2006). Besides the role in cellular immunity, researchers
also found that A. vera induces antibody responses. The

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effects on antibody response were proved by the significant increase in the number of B lymphocytes forming
both IgM and IgG antibodies (Yates et al., 1992). The aim
of this study was to evaluate the effect of A. vera administration on cellular and humoral immune response in
rabbits.

Immunoglobulin content
Serum immunglobulin (IgG, IgM and IgA) concentrations were
measured by ELISA technique (Microplate Reader - DAS) using
commercial test kit for IgA, IgG and IgM (MCA630, Serotec),
according to product description.
Statistical analysis

MATERIALS AND METHODS


Preparation of A. vera
A. vera polysaccharides were prepared according to the method
described by Wu et al. (2006). In brief, the leaves (300 g) of the
plant, after blending in an electrical grinder, were extracted thrice
with 2500 ml of distilled water at 70 to 80C for 2 h. The filtrate of
the obtained extract was condensed to syrup (ca. 500 ml), to which
cold 95% ethanol (approximately 1500 ml) was added. The crude
polysaccharide part was precipitated from the alcoholic liquor
during its subsequent standing at 4C overnight. The precipitate
formed was collected by centrifugation at 12,000 x g and repeatedly
washed sequentially with possibly less amounts of ethanol, acetone
and ether, respectively. The refined crude polysaccharide (2.4 g)
was re-dissolved in distilled water (240 ml) at a concentration of 1%
(w/v) followed by filtration. The filtrate was deproteinized by treating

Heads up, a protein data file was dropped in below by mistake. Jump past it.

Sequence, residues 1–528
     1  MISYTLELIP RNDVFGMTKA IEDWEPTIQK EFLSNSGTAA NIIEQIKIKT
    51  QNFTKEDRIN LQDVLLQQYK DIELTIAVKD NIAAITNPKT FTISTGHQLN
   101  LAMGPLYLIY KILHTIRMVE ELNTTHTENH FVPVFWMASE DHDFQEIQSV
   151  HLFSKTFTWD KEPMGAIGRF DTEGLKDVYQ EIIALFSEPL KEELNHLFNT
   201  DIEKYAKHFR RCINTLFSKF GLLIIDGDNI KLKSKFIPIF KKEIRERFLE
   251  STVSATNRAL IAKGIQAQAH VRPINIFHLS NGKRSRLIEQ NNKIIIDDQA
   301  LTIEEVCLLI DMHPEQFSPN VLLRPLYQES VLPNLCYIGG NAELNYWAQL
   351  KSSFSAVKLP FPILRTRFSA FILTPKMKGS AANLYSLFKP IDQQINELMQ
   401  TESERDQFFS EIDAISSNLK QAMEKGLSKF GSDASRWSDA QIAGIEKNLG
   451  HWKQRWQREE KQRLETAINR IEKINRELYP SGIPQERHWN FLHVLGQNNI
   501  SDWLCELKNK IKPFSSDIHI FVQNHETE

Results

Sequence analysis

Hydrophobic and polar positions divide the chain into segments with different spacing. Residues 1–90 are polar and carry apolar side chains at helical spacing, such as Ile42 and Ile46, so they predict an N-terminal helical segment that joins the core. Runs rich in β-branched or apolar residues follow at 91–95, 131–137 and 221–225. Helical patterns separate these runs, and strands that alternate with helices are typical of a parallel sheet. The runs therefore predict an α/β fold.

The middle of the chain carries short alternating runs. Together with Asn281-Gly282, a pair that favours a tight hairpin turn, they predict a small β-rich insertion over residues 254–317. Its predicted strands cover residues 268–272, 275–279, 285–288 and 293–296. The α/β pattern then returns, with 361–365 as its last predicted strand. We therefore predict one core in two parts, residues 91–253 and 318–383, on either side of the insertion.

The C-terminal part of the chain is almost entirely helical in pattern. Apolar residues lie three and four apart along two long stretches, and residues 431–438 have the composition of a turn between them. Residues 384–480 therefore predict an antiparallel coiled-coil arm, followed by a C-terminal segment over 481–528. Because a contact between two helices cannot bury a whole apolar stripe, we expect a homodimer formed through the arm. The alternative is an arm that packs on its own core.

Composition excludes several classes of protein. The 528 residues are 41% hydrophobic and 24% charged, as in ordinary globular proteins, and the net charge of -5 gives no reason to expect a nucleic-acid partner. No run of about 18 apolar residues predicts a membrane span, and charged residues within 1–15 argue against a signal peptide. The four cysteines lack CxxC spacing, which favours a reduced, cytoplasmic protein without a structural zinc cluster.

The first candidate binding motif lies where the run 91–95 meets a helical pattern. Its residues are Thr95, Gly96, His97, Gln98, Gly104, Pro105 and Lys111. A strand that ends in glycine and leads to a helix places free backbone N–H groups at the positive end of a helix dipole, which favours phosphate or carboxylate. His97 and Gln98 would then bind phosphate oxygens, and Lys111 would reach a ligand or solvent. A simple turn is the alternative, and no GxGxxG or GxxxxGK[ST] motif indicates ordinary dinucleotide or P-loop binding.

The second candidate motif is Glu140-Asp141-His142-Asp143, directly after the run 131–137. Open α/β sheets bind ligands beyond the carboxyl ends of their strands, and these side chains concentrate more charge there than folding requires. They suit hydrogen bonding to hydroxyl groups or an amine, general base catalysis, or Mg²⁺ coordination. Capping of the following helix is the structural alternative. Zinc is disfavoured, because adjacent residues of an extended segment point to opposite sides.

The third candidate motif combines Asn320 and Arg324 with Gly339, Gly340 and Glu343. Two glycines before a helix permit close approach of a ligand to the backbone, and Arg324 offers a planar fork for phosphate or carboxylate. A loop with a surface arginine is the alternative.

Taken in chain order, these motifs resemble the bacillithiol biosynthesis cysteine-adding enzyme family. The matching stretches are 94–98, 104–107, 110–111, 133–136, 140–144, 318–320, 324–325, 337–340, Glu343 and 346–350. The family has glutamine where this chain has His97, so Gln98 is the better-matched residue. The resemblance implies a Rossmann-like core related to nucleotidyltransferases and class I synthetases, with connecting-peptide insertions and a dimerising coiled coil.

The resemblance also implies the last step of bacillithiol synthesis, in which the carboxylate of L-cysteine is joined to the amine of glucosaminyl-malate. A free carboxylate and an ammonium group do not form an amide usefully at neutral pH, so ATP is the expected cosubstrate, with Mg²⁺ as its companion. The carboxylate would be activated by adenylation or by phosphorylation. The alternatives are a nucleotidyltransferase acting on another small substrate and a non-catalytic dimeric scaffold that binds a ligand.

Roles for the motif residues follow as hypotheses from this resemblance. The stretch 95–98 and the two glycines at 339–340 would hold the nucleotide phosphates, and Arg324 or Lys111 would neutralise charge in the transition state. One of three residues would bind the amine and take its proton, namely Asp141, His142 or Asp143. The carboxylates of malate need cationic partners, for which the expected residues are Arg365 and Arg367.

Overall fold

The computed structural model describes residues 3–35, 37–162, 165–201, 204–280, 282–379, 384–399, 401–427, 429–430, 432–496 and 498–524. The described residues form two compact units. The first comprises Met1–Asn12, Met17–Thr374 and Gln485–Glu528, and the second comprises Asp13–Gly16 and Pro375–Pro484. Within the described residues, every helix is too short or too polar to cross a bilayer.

it with trichloroacetic acid following the procedure detailed elsewhere (Yang et al., 1999). After centrifugation at 12,000 x g for 10
min, the supernatant was then precipitated with 3-fold volumes of
95% ethanol to obtain the crude polysaccharides.

Results were expressed as mean S.E.M. Multiple comparisons


were performed by ANOVA followed by the Tukey honestly
significant difference (HSD) test. In all the analyses, the level of
significance was set at P<0.05.

RESULTS
Effect of A. vera polysaccharide on CD4+ and CD8+
lymphocytes
4+

8+

Table 1 shows the effect of A. vera on the CD and CD


lymphocytes in the blood of rabbits in different groups. A.
vera treatment produced a significant increase in the
blood CD4+ after 14 and 21 days, respectively (P<0.05)
and CD8+ lymphocytes after 7, 14 and 21 days (P<0.05),
when compared with the control group. Therefore, A. vera
treatment significantly enhanced blood CD4+ and CD8+
lymphocytes when compared with the control group dose
dependently.

Animal preparation and study design


20 healthy male New Zealand white rabbits, weighing 2.0 to 2.5 kg,
were used. The rabbits were kept for two weeks to adapt to the
environmental conditions. They were housed in individual cages in
a room with controlled temperature of 20 22C, and a 12 h
light/dark cycle. The rabbits were fed standard diet and provided
with fresh water ad libitum. Animals were randomly divided into five
treatment groups (4 per group): Groups consisted of: 1) control
group (normal saline, o.p.); 2) A. vera control o.p.; 3) vaccine
control,;4) 50 mg A. vera extract o.p. + vaccine; 5) 150 mg A. vera
extract o.p. + vaccine. The used vaccine was for myxomatosis
(Mixohipra-FSA, Laboratorios Hipra, S.A. one dose/rabbit). Blood
samples were obtained from the central ear artery using 22 G
catheter at four time points: days 0, 7, 14 and 21 of the study. Blood
samples were transferred into heparinized and none heparinized
tubes. Plasma was separated and stored frozen until assayed. For
immunological analysis, the serum was separated by centrifugation
at 3000 rpm/min for 10 min and stored at -20C until analysis.

Effect of A. vera polysaccharide on plasma IgM, IgG


and IgA levels
According to Table 2, serum IgM concentrations in